Don’t leave reading lessons only to the school. Teaching your child to read should begin at birth. Give your child a good start by trying some of these tips as you go about your day.

  • Talk to your infant and toddler. Point to objects and describe them as you play and go about your daily routine together.
  • Play rhyming games and sing silly songs to help your child learn about language.
  • Read to your child every day, even when she’s still a baby. Don’t wait until you think she’s "old enough" to be read to.
  • Point out the printed words in your home and in public—the grocery store, restaurants, the doctor’s office, etc.
  • Take books with you when you leave home. Once your child is old enough, bring crayons and paper with you too, and encourage him to draw pictures or practice letters.
  • Point to each word as you read. This teaches your child that reading goes from left to right and that the word you say is the word she sees.
  • Stop to ask questions about the pictures and what’s happening in the story.
  • Discuss new words. For example: “This big house is called a palace. Who do you think lives in a palace?”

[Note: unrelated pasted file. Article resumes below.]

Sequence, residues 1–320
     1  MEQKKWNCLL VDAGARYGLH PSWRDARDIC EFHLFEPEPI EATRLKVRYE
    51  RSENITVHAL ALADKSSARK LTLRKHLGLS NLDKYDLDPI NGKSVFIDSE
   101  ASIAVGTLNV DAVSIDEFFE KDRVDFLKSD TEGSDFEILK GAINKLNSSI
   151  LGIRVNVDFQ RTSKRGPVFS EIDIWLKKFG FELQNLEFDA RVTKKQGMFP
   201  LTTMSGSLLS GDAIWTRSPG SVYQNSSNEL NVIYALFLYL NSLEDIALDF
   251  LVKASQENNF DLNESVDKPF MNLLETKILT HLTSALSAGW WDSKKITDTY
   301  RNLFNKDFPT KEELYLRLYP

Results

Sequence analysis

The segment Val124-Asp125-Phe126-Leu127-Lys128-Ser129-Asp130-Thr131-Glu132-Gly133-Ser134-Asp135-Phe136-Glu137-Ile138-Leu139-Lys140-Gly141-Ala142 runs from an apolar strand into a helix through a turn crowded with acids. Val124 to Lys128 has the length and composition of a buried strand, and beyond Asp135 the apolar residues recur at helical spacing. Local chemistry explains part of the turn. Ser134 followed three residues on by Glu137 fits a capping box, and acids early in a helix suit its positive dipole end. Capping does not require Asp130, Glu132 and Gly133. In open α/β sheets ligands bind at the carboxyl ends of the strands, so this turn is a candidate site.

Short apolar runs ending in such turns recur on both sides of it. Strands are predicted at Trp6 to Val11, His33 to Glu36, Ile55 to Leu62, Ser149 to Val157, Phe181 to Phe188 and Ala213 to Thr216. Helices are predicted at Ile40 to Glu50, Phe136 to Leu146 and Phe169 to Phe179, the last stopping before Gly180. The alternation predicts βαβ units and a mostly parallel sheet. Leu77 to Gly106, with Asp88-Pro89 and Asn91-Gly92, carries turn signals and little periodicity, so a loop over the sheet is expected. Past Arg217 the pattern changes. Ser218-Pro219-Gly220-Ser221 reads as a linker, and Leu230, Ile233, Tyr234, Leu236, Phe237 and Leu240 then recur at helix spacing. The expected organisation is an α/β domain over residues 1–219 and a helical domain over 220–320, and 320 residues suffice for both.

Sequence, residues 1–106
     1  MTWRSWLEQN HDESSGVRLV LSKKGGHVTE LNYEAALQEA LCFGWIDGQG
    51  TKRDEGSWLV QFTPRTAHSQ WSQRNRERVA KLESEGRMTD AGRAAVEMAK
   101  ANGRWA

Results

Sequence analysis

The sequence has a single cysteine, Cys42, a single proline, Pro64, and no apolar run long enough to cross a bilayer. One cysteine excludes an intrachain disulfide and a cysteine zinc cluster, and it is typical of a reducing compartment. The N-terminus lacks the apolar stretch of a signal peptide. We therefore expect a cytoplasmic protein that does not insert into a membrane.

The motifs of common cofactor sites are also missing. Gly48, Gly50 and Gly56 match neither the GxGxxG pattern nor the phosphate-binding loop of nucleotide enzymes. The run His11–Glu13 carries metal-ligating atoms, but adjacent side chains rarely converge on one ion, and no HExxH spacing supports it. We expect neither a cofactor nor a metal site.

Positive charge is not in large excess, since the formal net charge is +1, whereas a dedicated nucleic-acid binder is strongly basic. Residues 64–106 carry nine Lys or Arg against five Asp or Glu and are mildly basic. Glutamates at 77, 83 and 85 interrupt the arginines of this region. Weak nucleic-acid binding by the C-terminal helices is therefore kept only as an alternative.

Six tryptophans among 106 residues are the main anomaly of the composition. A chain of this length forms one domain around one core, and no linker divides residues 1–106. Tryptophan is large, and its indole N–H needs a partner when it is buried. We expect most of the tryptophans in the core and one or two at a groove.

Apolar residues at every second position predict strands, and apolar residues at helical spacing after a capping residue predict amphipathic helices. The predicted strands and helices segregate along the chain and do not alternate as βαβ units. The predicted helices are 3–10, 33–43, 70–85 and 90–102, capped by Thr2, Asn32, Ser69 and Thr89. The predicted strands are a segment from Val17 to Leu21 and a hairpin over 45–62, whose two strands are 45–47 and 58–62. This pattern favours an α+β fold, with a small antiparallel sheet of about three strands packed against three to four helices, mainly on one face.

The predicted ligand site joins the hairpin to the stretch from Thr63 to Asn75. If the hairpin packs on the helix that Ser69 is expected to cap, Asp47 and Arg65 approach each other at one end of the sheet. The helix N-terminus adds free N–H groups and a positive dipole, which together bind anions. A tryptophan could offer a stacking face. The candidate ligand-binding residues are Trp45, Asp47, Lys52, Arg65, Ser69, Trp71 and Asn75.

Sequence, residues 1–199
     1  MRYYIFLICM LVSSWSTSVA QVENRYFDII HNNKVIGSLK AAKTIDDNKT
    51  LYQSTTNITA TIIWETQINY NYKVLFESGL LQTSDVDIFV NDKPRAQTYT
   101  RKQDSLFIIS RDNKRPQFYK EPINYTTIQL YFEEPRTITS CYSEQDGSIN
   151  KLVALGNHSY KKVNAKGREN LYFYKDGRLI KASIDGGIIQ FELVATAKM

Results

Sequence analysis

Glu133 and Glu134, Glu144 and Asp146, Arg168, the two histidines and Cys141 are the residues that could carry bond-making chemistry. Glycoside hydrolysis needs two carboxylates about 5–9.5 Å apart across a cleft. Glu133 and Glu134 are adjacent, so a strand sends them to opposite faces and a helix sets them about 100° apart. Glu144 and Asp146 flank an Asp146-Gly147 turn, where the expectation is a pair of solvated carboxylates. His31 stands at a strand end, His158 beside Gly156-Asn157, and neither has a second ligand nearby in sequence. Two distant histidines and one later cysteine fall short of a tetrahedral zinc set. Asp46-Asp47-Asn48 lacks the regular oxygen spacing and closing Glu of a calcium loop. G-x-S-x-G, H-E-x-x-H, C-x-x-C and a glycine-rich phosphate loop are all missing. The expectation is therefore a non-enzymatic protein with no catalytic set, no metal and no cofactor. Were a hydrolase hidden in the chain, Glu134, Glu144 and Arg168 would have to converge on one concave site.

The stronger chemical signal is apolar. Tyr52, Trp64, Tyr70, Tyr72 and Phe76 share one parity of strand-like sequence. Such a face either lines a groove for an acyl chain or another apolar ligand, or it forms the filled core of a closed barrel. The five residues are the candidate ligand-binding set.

• Express what you are reading. Use voices for the characters, roar like a lion or bark like a dog.
  • Have your child sit on your lap or snuggle up to you as you read books together.
  • Read your child's favorite book over and over again.
  • Read from a variety of children's books, including fairy tales, songbooks, poems and nonfiction.
  • Keep books where your child can easily reach them. Encourage him to touch and flip through them.
  • Occasionally, instead of reading from a book, tell your children stories. Make them up or dramatize an old family story.
  • Set a good example for your child by reading books, newspapers and magazines.
  • Limit the amount and type of television you and your child watch. Even better, turn off the television and spend time cuddling and reading books together.
  • Reach out to libraries and other community organizations to help you find age-appropriate books, teach you creative ways to use books and provide year-round children’s reading and educational activities.

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Volunteers in
United Way of Central Iowa's
Power Read
program read with children weekly to improve literacy skills. Each child is introduced to 25 books through 50 reading sessions in a year.

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